In a world where our beliefs can define us, could you honestly say you’re proud of what you believe in?
From a young age we begin forming beliefs. An opinion plants a seed which then grows into a full fledged belief in your subconscious, its roots grounded in the back of your mind.
Most individuals would think that our beliefs begin in childhood and that we adopt them from our parents. But Dr Krissy Wilson, a psychologist from Charles Sturt University, says that, while we don’t automatically pick these up from our parents, our upbringing does influence the belief system we form as adults. “Beliefs come from a variety of sources and are developed, maintained and nurtured from a range of causes,” Dr Wilson told The Newsroom. “These could effectively be biological, cultural, cognitive and simply due to environmental influences such as the media.”
“There are a multitude of reasons why people cling to extraordinary beliefs with little or no scientific evidence to back them up,” Dr Wilson said. “The short answer is that we want to. It’s fun, exciting and phenomena such as psychic medium ship appeals to us as it suggests that death is not the end.”
“A lot of research [including much of my own] has tried to distinguish the difference [if there is one] between believers and non-believers,” Dr Wilson told The Newsroom. Her evidence suggests that there are valid comparisons and that believers are more likely to score highly on certain individual difference measures and personality traits such as absorption, fantasy proneness and suggestibility. Dr Wilson said that research suggests believers, in things such as paranormal activity, process information differently. They often perform poorly compared to non believers in reasoning and critical thinking tests. Believers could be more susceptible to false memories. Dr Wilson reminds us that anyone can be fooled, we are all susceptible to suggestion and cognitive biases – our cognitive powers constantly let us down.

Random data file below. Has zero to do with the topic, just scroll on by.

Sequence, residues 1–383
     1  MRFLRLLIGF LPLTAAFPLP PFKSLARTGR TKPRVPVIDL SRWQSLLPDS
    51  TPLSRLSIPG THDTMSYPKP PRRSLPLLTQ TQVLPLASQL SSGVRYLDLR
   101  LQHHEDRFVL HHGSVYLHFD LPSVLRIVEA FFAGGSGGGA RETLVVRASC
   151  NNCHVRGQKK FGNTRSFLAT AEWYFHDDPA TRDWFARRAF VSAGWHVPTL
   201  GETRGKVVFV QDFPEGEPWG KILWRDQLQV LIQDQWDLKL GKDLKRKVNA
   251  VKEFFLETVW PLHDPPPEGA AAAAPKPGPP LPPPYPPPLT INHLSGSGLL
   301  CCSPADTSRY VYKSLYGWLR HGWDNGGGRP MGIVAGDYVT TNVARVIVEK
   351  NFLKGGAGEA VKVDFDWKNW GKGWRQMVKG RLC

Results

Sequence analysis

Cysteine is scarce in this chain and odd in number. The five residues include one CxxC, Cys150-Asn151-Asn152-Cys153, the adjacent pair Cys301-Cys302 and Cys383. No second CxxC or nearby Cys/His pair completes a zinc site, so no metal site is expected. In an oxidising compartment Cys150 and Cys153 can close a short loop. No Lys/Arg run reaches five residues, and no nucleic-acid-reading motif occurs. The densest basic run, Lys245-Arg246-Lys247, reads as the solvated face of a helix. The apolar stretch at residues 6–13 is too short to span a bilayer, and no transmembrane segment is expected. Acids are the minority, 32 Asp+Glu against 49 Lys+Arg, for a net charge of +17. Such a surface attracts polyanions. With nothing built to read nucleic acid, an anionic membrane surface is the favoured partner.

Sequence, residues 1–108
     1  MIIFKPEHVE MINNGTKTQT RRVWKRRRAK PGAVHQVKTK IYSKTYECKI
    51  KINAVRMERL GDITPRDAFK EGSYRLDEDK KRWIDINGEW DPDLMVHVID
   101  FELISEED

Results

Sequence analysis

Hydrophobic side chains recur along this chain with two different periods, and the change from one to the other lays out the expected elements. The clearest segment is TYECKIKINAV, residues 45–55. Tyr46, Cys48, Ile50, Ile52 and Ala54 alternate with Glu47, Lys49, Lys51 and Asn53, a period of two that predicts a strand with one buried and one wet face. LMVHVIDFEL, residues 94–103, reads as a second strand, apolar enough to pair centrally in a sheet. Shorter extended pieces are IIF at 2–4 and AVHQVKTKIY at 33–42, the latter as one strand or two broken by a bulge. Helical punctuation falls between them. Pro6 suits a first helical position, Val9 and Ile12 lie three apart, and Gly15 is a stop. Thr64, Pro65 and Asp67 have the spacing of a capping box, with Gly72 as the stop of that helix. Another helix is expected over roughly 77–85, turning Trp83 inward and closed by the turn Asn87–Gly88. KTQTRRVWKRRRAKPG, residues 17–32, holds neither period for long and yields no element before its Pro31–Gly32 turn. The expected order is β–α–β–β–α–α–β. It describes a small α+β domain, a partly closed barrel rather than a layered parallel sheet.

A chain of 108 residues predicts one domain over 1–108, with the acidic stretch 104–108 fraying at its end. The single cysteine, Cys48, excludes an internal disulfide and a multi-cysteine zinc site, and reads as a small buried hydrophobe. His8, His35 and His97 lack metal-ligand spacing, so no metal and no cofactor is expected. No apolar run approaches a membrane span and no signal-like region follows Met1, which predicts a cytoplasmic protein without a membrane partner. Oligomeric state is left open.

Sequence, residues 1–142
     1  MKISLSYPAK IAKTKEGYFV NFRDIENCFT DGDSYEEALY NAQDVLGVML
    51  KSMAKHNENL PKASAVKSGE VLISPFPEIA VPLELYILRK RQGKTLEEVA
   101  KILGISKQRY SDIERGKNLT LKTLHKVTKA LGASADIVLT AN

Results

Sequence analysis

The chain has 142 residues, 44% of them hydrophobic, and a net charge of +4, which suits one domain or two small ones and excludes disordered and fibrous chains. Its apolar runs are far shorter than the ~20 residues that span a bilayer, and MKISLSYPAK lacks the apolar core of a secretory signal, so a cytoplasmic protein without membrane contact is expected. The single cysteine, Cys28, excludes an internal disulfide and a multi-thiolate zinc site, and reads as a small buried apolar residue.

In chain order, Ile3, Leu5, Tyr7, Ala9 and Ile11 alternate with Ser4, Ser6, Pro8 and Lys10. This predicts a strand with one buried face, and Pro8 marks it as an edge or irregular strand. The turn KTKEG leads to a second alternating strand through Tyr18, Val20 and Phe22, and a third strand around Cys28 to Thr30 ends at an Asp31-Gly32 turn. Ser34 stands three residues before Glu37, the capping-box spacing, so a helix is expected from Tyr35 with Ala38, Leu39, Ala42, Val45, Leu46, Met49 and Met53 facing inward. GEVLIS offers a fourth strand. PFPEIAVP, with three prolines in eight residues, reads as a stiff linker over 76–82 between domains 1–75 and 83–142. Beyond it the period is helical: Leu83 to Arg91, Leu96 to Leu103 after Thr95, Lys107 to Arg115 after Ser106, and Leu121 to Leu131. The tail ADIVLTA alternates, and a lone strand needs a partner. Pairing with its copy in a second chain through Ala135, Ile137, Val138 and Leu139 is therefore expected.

What would a world without beliefs look like anyway? In a time of distress and sadness individuals cling to their beliefs as a coping mechanism, which is a typical human response. We all believe in something at some point in life, even skeptics believe in skepticism.
“Richard Dawkins [famous atheist] is convinced he is right,” said Dr Wilson. “Is he any different in his beliefs compared to the extremist religious zealot?
“The answer is to keep an open mind and to seek evidence,” said Dr Wilson. “Think critically and weigh up the evidence.” – Alana Scott